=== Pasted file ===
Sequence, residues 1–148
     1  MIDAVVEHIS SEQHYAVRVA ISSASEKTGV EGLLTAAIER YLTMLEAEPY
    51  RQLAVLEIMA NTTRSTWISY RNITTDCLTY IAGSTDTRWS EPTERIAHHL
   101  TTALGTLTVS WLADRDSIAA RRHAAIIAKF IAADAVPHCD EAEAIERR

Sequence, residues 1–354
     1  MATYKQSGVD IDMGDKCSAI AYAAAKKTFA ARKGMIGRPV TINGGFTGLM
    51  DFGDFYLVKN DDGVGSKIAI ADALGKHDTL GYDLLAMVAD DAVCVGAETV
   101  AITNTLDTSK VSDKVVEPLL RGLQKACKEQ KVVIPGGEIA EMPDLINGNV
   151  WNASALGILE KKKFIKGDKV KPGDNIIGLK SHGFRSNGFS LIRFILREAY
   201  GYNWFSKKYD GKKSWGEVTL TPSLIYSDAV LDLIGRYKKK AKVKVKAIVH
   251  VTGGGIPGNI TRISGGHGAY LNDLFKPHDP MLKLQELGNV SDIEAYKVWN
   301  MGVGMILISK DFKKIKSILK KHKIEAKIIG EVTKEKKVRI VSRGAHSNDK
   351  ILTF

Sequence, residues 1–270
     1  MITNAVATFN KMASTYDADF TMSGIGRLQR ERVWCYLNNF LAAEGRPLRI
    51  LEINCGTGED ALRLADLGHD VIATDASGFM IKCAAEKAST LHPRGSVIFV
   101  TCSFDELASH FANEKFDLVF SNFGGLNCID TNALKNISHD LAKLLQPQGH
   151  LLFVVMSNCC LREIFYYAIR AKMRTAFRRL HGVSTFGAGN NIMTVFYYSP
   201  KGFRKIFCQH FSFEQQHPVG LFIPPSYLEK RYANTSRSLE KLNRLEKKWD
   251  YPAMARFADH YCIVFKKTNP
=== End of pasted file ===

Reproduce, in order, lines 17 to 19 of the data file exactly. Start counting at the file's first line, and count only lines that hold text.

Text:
   101  TCSFDELASH FANEKFDLVF SNFGGLNCID TNALKNISHD LAKLLQPQGH
   151  LLFVVMSNCC LREIFYYAIR AKMRTAFRRL HGVSTFGAGN NIMTVFYYSP
   201  KGFRKIFCQH FSFEQQHPVG LFIPPSYLEK RYANTSRSLE KLNRLEKKWD